An online article on ‘Organic S&M’ noted the many different uses of stinging nettles throughout history. The only ones of a sexual nature was their use by English herbwives to ‘encourage’ prize bulls during the mating season, and by English mistresses for much the same purpose. And they were as common in Victorian era erotica as figging, birches, and caning”.

An online article at the London Fetish Scene website discusses the sexual use of stinging nettles. The article notes that stinging nettle effects differ in intensity from variety to variety (and even the soil they are growing in). There is also great individual variation (in that the same stinging nettle used on one person may exact different effects in another). The article also claims that the same person can feel different effects based on other factors such as whether a women is menstruating.

In addition to using stinging nettles for flogging, the article also lists four other sexual uses. These include (i) using stinging nettles as an alternative to ginger for ‘figging’ (i.e., the act of inserting something into the body that will cause a stinging, burning sensation for sexual pleasure), (ii) putting stinging nettles into the victim’s underwear, (iii) applying stinging nettles to the penis just before putting on a condom (as noted above by Dr. Brenda Love), and (iv) forcing a submissive to consume stinging nettles (although the article then adds that the safety of this is very uncertain given that raw nettles are poisonous). Finally, if you’re really interested in learning more about the use of stinging nettles in BDSM practices (from a practical rather than academic point of view), then check out the FAQ page of the Sado-Botany website.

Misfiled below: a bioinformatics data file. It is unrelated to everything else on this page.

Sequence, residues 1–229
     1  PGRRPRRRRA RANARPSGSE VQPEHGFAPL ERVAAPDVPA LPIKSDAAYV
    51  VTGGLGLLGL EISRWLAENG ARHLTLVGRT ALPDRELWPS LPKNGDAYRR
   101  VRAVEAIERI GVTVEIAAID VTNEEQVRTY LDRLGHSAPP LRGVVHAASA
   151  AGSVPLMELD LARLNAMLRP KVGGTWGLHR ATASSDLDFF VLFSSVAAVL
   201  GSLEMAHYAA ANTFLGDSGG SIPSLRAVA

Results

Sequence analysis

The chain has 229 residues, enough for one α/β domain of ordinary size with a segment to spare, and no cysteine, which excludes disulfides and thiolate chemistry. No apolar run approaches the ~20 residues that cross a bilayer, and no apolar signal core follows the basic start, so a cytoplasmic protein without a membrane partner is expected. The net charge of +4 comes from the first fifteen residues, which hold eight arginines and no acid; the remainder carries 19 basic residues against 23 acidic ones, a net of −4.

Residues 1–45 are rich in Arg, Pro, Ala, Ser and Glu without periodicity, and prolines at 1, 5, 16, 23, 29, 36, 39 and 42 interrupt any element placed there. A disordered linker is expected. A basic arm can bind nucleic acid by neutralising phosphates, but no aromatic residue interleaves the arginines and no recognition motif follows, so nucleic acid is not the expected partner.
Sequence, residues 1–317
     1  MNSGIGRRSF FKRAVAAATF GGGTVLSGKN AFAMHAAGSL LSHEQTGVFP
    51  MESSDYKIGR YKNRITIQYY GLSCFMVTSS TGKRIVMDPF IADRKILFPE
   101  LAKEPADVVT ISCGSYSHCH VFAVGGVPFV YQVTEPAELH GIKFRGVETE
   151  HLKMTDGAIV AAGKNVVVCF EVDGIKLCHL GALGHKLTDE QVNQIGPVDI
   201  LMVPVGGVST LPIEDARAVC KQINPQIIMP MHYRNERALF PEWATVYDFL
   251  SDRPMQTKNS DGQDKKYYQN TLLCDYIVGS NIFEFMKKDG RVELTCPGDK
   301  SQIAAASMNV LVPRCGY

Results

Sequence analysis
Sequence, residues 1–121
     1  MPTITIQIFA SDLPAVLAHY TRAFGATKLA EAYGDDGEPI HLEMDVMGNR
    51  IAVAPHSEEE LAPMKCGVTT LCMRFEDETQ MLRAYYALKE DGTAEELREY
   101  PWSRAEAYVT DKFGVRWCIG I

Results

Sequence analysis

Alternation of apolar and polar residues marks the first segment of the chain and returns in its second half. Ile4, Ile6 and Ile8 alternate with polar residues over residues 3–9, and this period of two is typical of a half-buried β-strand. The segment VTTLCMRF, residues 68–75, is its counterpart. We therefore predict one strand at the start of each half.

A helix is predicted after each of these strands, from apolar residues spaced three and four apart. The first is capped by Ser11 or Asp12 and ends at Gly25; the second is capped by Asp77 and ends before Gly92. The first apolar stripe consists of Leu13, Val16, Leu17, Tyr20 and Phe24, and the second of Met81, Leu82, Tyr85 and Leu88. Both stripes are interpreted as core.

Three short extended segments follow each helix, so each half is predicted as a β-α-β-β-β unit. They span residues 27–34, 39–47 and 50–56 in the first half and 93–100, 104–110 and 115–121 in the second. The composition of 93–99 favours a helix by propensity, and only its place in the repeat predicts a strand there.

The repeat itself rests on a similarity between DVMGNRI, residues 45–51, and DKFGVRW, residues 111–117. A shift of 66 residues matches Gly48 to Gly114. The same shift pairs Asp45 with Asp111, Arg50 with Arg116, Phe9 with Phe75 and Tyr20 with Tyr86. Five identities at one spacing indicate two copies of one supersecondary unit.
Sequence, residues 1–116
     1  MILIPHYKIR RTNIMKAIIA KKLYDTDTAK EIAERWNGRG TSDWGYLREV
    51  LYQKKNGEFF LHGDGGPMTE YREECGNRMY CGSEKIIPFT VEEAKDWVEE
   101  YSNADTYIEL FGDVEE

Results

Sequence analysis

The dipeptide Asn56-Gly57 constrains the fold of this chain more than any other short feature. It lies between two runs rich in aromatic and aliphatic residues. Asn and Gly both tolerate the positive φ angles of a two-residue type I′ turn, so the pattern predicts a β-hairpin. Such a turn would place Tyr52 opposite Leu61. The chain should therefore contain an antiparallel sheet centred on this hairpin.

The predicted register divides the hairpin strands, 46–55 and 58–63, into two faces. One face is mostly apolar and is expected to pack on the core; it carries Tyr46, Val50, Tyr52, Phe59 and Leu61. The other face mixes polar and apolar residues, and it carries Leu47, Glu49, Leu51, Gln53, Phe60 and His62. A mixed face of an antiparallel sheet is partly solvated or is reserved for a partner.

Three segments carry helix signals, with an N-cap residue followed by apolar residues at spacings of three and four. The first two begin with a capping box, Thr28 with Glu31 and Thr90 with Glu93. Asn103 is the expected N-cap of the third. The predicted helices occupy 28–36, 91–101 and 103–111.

Dr Mark Griffiths, Professor of Gambling Studies, International Gaming Research Unit, Nottingham Trent University, Nottingham, UK

Further reading

Aggrawal A. (2009). Forensic and Medico-legal Aspects of Sexual Crimes and Unusual Sexual Practices. Boca Raton: CRC Press.